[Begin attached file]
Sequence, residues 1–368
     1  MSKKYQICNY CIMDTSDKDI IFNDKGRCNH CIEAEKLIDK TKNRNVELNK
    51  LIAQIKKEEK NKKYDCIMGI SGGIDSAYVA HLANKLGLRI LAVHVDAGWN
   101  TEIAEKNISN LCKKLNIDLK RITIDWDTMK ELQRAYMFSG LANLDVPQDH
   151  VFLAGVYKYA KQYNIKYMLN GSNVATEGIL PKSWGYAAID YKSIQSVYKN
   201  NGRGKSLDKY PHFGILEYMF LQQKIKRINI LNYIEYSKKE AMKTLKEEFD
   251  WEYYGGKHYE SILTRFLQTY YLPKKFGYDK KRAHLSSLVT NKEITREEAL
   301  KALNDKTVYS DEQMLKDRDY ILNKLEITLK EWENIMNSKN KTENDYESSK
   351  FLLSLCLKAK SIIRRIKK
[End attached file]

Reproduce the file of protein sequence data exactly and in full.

Sequence, residues 1–368
     1  MSKKYQICNY CIMDTSDKDI IFNDKGRCNH CIEAEKLIDK TKNRNVELNK
    51  LIAQIKKEEK NKKYDCIMGI SGGIDSAYVA HLANKLGLRI LAVHVDAGWN
   101  TEIAEKNISN LCKKLNIDLK RITIDWDTMK ELQRAYMFSG LANLDVPQDH
   151  VFLAGVYKYA KQYNIKYMLN GSNVATEGIL PKSWGYAAID YKSIQSVYKN
   201  NGRGKSLDKY PHFGILEYMF LQQKIKRINI LNYIEYSKKE AMKTLKEEFD
   251  WEYYGGKHYE SILTRFLQTY YLPKKFGYDK KRAHLSSLVT NKEITREEAL
   301  KALNDKTVYS DEQMLKDRDY ILNKLEITLK EWENIMNSKN KTENDYESSK
   351  FLLSLCLKAK SIIRRIKK